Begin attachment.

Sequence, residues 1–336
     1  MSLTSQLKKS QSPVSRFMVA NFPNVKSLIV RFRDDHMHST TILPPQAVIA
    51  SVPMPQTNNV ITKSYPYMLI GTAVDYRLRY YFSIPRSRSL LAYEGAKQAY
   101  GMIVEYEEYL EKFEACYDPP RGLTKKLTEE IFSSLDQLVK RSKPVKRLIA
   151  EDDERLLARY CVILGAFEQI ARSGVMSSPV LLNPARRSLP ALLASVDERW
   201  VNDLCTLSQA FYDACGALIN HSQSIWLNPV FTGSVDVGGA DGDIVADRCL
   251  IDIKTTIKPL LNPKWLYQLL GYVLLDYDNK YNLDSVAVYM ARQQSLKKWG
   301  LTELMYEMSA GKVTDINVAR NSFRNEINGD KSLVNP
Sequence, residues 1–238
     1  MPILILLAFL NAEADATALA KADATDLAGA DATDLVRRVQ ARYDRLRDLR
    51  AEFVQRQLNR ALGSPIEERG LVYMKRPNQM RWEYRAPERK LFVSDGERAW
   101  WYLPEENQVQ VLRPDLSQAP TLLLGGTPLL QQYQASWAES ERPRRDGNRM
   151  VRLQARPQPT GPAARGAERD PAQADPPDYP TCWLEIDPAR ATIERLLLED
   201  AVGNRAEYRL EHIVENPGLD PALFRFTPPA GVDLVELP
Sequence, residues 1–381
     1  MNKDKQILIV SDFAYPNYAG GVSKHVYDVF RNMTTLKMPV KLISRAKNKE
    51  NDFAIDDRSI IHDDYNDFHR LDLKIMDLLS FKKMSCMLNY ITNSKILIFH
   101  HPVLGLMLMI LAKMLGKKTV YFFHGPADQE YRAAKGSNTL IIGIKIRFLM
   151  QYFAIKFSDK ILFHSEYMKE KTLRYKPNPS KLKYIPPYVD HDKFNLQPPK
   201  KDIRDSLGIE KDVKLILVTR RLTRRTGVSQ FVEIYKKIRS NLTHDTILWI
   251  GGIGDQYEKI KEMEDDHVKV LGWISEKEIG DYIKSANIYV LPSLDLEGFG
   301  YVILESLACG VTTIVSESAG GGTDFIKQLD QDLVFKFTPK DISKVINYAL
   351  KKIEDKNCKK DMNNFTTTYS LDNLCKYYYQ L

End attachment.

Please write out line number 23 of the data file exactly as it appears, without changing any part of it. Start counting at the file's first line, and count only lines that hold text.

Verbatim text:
   351  KKIEDKNCKK DMNNFTTTYS LDNLCKYYYQ L